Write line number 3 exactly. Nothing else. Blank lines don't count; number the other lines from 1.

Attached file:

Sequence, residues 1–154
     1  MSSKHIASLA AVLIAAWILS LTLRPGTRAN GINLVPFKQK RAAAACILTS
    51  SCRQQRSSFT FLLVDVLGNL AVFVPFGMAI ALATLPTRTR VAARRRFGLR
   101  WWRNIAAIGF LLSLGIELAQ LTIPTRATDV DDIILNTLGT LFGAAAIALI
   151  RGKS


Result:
    51  SCRQQRSSFT FLLVDVLGNL AVFVPFGMAI ALATLPTRTR VAARRRFGLR